Have Restaurant Stocks Bottomed Out?

Governors in many states have approved the partial reopening of restaurants, offering relief to a once-booming industry brought to its knees by the coronavirus pandemic. Returning customers and employees will have to deal with new social distancing and sanitation rules, but the lighter restrictions should go a long way in relieving anxiety and stress generated by weeks of enforced quarantine and stay-at-home orders.

So is now the time to buy shares of publicly traded restaurant chains? Unfortunately, there’s no simple answer because these operations will continue to face headwinds that vary from location to location and from chain to chain. For starters, reopenings are unlikely to signal a return to normal business income because, as surveys indicate, more than half of the American public plans to avoid these venues until there’s a vaccine.

Continued Headwinds

In addition, reduced seating capacity will undermine a return to profitability at the same time that owners are trying to rebuild damaged balance sheets. This is less of an issue for big companies with unlimited access to credit markets than small operations that now have to repay government loans in addition to payroll, rent, and inventory. The public chains also have better access to pick-up and delivery services that have bolstered income since the shutdowns began in March.

A sharp rise in bankruptcies seems inevitable at this point, but publicly traded chains like McDonald’s Corporation (MCD) and Yum! Brands, Inc. (YUM) are better positioned than mom-and-pop eateries. It’s another story for regional chains like Ruth’s Hospitality Group, Inc. (RUTH), which got caught with its hand in the cookie jar, taking small business loans intended for private restaurants. It has since returned the cash, but the attempt confirms that these chains are running into liquidity issues.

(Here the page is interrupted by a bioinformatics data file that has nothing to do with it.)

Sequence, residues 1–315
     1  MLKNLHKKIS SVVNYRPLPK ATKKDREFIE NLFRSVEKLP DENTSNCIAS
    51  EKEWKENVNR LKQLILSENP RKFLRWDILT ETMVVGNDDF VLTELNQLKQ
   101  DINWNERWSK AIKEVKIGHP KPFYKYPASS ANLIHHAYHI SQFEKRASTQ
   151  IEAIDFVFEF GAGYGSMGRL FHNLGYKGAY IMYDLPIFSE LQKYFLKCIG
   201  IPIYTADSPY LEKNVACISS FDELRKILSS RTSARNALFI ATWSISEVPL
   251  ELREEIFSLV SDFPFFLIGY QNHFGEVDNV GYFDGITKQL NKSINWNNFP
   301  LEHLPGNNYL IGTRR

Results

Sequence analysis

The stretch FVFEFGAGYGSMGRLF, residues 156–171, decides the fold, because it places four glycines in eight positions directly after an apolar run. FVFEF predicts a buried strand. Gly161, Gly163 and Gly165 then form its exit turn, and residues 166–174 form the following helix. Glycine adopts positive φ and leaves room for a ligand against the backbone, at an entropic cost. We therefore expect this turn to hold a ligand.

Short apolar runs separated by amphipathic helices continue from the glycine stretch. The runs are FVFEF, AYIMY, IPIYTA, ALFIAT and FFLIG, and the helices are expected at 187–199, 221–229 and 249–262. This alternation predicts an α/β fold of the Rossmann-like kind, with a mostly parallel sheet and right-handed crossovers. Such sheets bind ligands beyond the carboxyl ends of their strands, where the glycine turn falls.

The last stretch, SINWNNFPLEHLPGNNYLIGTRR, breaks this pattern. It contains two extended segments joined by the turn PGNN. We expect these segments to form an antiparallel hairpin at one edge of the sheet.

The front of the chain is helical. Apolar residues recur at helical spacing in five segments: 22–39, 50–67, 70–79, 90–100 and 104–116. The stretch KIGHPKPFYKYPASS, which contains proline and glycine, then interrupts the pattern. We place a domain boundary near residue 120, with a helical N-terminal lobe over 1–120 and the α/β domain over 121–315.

Demographics are also affecting the group’s outlook because eating and travel habits for those over 50 are likely to change much more than those under 50. While younger folks are generally healthier and can withstand COVID infection without major trauma, older folks are at greater risk for life-threatening outcomes, raising the odds that they’ll continue aggressive social distancing long after politicians lift restrictions.

Hopeful Signs


Even so, hopeful signs continue to emerge. The Cheesecake Factory Incorporated (CAKE) made disturbing headlines in March after confirming that the chain wouldn’t have the capital needed to pay April rents at 294 locations. It received a $200 million strategic investment from a hedge fund in mid-April in exchange for a board seat, shoring up the company’s liquidity outlook just before governors began talking about winding down restrictions.

Last night, Cheesecake Factory reported a 12% same-store sales decline but beat first quarter 2020 earnings estimates by a wide margin, with a $0.04 profit instead of an expected $0.30 loss. Revenue at $615 million marked a 2.6% year-over-year increase despite the shutdown, with more than 200 locations offering take-out and delivery services that booked much higher than expected first quarter income.

The stock topped out at $67.14 in May 2017 and entered a downtrend that found support in the upper $30s in September. A recovery wave into the second quarter of 2018 posted a lower high near $60, ahead of renewed selling pressure that ended near the 2017 low in August. Price action into March 2020 completed a breakdown, dropping to a 10-year low at $14.52. The bounce through April failed to mount 50-day exponential moving average (EMA) resistance in the lower $20s, while the breakdown establishes new resistance in the upper $30s.

The on-balance volume (OBV) accumulation-distribution indicator reveals heavy bottom fishing and value hunting since late March, lifting to the highest high since July 2018 despite the seemingly bearish price pattern. The stock is running in place near $20 after last night’s earnings report but could find its way back to April resistance and break out, heading into a more formidable barrier in the upper $30s.

The Bottom Line

Publicly traded restaurant chains are showing signs of bottoming out, but the industry will continue to face stiff headwinds for the rest of 2020.

Disclosure: The author held no positions in the aforementioned securities at the time of publication.

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